Strategies for the diagnosis and management of meningitis in HIV-infected adults in resource limited settings
Authors listMarise Bremer Yakub E Kadernani Sean Wasserman Robert Wilkinson Angharad G Davis
INTRODUCTION: The incidence of human immunodeficiency virus-1 (HIV-1) associated meningitis has been declining in the post-combination antiretroviral treatment (ART) era, although survival rates remain low for the common causes like tuberculosis and cryptococcal disease. Diagnosis and treatment of meningitis in HIV-1 is complicated by atypical clinical presentations, limited accuracy of diagnostic tests, access to diagnostic tests, and therapeutic agents in low- and middle-income countries (LMIC) and immune reconstitution inflammatory syndrome (IRIS). AREAS COVERED: We provide an overview of the common etiologies of meningitis in HIV-1-infected adults, suggest a diagnostic approach based on readily available tests, and review specific chemotherapeutic agents, host-directed therapies, supportive care, timing of ART initiation, and considerations in the management of IRIS with a focus on resource-limited settings. They identify key knowledge gaps and suggest areas for future research. EXPERT OPINION: Evidence-based management of HIV-1-associated meningitis is sparse for common etiologies. More readily available and sensitive diagnostic tests as well as standardized investigation strategies are required in LMIC. There is a lack of availability of recommended drugs in areas of high HIV-1 prevalence and a limited pipeline of novel chemotherapeutic agents. Host-directed therapies have been inadequately studied.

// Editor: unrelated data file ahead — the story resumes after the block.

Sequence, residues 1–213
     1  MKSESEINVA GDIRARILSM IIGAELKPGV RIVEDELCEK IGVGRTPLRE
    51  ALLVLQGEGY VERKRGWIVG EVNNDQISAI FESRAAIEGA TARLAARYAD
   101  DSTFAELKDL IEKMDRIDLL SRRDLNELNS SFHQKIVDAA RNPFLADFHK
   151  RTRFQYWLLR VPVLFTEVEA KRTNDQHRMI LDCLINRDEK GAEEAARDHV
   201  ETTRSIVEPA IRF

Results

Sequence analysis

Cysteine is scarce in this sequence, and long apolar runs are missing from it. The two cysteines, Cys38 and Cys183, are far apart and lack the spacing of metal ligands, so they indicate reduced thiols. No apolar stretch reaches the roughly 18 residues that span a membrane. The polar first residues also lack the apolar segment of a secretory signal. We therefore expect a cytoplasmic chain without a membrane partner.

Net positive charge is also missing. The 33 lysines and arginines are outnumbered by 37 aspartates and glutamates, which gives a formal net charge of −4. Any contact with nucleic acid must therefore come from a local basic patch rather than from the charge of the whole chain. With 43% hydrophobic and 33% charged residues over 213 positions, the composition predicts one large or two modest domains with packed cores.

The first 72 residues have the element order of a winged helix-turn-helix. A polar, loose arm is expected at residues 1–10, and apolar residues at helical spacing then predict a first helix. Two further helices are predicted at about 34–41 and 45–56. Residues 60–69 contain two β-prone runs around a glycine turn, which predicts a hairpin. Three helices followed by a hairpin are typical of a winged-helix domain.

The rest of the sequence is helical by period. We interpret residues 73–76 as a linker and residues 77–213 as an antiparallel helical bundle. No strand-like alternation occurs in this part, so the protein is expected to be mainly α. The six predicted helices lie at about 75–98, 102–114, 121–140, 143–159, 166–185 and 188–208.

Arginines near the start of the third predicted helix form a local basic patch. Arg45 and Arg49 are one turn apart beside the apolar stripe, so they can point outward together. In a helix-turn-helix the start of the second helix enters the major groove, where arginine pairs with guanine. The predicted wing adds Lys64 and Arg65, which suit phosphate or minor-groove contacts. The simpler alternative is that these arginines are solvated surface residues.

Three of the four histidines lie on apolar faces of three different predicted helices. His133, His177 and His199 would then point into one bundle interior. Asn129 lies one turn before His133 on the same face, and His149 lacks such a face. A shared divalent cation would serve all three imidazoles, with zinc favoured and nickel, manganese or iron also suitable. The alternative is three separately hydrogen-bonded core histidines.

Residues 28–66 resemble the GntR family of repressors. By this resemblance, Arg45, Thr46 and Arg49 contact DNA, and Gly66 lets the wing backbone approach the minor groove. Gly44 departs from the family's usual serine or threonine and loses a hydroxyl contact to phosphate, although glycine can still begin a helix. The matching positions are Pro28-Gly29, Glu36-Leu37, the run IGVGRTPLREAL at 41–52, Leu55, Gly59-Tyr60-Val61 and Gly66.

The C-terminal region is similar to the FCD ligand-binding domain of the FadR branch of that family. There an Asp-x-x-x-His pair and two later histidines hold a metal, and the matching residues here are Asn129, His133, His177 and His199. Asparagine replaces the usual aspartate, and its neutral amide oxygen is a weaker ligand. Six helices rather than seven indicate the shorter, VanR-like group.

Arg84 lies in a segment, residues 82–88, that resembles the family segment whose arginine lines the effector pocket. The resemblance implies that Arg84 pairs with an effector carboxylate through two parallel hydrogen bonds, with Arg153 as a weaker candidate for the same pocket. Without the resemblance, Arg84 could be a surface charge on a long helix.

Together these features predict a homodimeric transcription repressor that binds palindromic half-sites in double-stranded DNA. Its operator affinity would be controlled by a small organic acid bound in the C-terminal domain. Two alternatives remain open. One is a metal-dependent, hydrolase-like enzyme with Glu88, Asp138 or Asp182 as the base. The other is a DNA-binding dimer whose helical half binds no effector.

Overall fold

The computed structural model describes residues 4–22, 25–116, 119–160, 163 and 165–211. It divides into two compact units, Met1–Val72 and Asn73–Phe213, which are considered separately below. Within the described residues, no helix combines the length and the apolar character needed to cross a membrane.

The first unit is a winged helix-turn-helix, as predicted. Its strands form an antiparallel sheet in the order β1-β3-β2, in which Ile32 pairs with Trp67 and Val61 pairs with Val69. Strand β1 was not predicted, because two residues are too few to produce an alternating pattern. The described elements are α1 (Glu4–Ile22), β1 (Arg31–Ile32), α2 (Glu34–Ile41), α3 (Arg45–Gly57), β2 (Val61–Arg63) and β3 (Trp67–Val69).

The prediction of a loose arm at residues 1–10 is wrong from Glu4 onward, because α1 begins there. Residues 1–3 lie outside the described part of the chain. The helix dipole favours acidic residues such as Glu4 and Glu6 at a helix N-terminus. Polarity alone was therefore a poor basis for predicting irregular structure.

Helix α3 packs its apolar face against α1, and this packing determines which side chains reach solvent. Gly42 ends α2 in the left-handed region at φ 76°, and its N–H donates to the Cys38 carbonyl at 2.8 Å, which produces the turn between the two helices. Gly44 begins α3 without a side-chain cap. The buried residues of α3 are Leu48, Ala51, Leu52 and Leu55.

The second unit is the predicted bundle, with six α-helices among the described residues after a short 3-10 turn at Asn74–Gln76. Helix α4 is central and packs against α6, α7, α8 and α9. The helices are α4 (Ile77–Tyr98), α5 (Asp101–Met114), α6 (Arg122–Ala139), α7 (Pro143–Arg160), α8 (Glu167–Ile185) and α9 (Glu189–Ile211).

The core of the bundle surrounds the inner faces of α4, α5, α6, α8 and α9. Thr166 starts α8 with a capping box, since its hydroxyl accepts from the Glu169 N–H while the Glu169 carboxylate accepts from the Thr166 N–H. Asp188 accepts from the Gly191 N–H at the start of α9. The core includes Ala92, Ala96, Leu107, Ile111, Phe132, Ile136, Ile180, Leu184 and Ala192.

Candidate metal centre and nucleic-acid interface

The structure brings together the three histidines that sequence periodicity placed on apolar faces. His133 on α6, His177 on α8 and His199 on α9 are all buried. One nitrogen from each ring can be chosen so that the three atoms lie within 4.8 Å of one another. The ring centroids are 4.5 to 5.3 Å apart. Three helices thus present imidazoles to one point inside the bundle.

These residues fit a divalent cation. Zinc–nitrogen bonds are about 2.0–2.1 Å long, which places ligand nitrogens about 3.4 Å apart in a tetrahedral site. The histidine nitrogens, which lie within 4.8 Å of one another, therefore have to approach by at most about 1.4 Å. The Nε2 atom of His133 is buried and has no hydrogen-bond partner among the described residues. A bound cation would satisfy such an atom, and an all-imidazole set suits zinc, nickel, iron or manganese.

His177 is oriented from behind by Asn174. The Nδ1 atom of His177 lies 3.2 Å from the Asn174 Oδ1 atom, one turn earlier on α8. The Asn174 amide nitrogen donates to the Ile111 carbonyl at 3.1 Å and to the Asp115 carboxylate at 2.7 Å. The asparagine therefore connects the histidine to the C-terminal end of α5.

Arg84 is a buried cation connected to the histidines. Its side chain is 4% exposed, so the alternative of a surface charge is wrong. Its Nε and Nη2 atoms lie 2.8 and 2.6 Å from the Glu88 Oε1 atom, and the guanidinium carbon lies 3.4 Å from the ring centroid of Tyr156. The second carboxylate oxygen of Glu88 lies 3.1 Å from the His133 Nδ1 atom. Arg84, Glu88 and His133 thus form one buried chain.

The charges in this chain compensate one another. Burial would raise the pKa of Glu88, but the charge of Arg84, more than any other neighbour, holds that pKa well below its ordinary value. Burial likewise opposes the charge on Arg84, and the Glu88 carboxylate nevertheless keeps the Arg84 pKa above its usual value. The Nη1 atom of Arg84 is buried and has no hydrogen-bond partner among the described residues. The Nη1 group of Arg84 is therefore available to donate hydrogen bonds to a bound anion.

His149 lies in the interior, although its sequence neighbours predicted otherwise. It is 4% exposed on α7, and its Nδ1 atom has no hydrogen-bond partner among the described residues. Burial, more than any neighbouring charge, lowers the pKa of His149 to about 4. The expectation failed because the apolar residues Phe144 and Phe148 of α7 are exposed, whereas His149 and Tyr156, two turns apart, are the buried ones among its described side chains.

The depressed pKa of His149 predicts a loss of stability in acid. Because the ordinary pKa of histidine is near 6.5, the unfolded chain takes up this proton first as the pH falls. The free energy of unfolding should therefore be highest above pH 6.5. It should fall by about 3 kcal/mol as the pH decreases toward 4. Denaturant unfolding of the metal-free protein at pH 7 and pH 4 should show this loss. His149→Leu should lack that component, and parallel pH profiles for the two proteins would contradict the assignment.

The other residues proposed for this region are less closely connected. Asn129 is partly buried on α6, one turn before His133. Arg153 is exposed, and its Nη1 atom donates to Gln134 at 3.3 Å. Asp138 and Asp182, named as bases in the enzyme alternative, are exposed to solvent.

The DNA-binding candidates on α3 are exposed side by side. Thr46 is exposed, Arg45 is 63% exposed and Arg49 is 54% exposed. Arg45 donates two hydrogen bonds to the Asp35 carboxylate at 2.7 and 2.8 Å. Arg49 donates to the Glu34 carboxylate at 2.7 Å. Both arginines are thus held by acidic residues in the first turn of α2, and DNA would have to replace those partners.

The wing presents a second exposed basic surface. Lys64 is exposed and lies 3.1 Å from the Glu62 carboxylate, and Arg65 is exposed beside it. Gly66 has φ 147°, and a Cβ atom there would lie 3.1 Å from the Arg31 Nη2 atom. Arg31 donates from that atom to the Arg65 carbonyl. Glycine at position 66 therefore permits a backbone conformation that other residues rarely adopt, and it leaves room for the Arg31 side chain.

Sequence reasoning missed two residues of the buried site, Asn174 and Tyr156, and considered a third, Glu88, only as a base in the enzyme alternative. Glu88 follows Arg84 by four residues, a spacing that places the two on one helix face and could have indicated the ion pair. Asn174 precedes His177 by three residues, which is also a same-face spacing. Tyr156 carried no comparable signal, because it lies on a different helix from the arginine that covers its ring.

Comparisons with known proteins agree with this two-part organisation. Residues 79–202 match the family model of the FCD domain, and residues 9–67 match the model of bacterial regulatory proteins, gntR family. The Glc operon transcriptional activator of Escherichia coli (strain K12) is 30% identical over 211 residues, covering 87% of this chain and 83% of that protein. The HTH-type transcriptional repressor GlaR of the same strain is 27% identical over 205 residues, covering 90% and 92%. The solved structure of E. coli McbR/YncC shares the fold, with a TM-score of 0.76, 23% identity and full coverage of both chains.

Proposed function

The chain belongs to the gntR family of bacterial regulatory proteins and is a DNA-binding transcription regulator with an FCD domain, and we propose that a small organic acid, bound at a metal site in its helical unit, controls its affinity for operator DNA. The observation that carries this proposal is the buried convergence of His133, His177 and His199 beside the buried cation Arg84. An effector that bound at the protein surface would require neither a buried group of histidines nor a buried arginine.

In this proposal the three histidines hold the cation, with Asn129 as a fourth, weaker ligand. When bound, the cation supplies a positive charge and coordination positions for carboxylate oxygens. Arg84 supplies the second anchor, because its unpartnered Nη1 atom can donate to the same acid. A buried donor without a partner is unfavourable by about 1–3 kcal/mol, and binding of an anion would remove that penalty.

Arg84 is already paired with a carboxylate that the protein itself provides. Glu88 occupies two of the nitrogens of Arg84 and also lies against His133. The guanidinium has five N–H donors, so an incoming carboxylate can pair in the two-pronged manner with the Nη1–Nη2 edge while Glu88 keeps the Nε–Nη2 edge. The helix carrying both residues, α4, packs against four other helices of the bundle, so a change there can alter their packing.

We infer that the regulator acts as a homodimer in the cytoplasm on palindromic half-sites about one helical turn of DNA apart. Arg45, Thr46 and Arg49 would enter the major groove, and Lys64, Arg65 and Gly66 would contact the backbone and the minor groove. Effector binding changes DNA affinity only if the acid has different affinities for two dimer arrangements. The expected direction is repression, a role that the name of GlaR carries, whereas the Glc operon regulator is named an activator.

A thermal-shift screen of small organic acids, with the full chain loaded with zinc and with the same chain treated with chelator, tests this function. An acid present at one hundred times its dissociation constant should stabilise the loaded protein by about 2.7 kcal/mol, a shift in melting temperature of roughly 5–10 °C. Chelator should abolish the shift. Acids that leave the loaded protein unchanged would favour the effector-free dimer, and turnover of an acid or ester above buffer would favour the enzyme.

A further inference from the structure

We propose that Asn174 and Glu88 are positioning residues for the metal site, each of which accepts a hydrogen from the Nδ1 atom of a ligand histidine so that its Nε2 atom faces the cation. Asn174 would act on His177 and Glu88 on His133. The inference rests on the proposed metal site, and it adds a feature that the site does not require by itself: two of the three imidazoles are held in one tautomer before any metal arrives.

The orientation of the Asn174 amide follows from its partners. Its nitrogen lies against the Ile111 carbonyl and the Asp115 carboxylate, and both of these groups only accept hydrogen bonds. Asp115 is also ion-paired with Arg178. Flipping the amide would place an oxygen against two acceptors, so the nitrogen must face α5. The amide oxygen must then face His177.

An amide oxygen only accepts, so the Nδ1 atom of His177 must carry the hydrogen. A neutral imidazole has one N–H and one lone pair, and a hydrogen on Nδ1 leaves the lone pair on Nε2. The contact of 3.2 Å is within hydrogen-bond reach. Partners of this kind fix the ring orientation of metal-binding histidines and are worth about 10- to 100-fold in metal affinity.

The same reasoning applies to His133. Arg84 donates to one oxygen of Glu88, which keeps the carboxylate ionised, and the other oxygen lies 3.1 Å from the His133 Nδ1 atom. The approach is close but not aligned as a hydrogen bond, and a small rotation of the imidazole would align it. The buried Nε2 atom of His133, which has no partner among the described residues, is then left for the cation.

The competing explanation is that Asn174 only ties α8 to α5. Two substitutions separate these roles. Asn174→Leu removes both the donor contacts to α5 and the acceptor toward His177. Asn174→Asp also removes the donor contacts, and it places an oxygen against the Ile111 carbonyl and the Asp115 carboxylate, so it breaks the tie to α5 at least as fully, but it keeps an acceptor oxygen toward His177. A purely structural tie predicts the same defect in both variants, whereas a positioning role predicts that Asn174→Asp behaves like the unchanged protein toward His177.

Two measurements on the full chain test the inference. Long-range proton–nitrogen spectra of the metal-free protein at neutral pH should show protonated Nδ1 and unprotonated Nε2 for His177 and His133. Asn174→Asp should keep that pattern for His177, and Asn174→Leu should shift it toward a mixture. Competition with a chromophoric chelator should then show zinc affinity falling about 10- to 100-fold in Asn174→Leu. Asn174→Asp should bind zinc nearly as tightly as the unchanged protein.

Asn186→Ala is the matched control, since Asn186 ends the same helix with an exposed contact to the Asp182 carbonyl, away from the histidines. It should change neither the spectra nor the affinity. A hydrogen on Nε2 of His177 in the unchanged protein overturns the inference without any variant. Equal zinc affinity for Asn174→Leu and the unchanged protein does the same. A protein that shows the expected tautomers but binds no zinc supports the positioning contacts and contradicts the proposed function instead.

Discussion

Issue number 15